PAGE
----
Conceptual modeling Sep-Oct 2019 summary

September and October 2019 were occupied with my project to develop an approach to conceptual modeling. This post is a rough summary of the state of my research from this sprint.


Part of my evolving approach to modeling is to match the situation being studied to one or more conceptual frameworks. My initial goal for this sprint was to determine the framework implied in Munzner’s account of data visualization. But my mind insisted on exploration mode, so I ended up looking into other topics as well, some more directly related to visualization and others less.


Project scope

  • To make sure I had my overall project properly delineated, I had two questions:
    • What topics counted as modeling? For example, should I include creative thinking and problem solving, since those are involved in the modeling process?
    • What academic and professional fields should I use as sources? I want to draw insights from a wide range, but I don’t want to spend time on fields that don’t focus on disciplined modeling.
  • On the topics question, I concluded the ones I questioned had some overlap with modeling, but I shouldn’t make a complete study of them as part of this project, because substantial amounts of the subject matter wouldn’t be relevant.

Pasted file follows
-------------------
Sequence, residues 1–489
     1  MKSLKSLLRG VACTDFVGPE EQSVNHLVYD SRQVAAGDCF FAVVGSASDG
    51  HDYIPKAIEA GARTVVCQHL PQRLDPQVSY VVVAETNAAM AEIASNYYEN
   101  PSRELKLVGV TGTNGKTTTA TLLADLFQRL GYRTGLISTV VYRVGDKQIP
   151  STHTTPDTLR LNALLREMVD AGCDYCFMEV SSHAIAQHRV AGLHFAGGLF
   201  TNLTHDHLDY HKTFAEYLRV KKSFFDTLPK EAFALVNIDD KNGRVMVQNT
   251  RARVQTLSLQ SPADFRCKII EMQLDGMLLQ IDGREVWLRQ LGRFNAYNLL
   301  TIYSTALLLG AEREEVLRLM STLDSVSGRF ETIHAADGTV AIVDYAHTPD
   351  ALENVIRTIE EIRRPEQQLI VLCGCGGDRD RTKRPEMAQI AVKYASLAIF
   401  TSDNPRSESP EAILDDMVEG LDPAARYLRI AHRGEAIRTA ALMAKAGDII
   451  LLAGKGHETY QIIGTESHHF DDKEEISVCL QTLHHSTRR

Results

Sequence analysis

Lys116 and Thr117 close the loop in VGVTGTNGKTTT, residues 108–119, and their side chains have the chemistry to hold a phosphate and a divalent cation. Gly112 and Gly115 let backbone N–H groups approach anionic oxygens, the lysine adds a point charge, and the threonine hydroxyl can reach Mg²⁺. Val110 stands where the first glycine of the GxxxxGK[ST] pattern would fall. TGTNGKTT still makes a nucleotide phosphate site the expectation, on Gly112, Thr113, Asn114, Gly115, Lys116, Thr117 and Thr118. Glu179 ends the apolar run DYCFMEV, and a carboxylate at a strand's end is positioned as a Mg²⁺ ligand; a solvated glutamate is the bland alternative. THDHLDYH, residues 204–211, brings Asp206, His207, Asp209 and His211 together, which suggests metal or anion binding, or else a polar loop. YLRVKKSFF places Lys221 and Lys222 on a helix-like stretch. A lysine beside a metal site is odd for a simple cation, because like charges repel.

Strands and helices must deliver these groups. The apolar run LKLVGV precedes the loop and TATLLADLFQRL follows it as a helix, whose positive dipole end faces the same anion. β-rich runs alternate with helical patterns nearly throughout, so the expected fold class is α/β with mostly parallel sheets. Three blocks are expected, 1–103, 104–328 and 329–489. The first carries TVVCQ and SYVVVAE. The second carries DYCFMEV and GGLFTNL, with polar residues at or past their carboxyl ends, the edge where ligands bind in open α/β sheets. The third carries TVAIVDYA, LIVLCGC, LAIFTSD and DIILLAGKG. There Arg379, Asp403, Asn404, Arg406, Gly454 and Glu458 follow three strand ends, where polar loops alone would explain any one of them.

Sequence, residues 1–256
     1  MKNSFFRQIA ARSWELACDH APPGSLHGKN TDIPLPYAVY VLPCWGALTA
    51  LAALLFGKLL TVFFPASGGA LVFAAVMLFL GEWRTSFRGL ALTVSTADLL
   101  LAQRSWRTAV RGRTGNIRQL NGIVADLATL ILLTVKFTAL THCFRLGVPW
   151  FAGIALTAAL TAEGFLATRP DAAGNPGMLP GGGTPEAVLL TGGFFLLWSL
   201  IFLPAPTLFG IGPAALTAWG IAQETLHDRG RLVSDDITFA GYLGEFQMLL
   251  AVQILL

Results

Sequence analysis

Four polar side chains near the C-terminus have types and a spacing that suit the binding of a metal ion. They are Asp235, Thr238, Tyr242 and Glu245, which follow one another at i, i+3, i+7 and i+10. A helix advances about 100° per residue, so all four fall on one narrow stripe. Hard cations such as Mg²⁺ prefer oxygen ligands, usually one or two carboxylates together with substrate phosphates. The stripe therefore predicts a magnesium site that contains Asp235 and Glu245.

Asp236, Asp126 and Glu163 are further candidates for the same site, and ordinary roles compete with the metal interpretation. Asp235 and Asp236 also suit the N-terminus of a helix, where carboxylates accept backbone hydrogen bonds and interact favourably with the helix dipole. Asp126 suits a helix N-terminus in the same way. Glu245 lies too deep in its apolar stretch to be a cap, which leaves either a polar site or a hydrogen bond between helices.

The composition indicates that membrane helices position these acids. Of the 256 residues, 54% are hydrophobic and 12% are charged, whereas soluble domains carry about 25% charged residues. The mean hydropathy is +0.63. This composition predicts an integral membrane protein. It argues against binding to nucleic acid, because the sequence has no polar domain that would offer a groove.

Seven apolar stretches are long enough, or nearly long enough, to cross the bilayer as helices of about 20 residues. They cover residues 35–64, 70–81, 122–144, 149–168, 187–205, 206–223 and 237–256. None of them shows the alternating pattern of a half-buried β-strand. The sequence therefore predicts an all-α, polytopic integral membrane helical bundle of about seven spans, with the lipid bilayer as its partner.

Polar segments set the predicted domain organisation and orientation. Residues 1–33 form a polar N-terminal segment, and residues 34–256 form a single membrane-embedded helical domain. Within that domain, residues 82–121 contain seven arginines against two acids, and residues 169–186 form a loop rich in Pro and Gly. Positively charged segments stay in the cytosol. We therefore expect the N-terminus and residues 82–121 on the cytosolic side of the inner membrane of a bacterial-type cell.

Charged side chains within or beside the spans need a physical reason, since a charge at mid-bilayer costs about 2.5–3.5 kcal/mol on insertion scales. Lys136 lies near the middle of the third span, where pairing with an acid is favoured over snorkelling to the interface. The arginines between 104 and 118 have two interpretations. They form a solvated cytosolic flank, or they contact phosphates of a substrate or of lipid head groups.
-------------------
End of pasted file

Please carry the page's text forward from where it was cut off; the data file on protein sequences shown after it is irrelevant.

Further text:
• On the source fields question, I decided to focus on the fields in this sprint and later expand in two directions.
    • For creating frameworks, the natural fields would be math, computer science, and systems theory.
    • For learning process, the fields are probably business, social science research, problem solving, intelligence analysis, visual intelligence, intuition research, and the scientific method.
    • I also made a big list of all the fields that felt relevant to give me a somewhat organized future reference for this question.

Data visualization

Munzner, Tamara. Visualization Analysis and Design. A.K. Peters Visualization Series. Boca Raton: CRC Press, Taylor & Francis Group, 2015.

  • I’ve read about 30% of the material from various parts of the book, but I think it’s enough to get the gist. Most of the book seems to be about working out the details of the “how” question (see below).
  • Munzner’s goal is to define a set of criteria for designing and evaluating visualizations.
  • She divides her approach into three areas: what kind of data is being visualized, why it needs to be visualized, and how it should be visualized.
  • What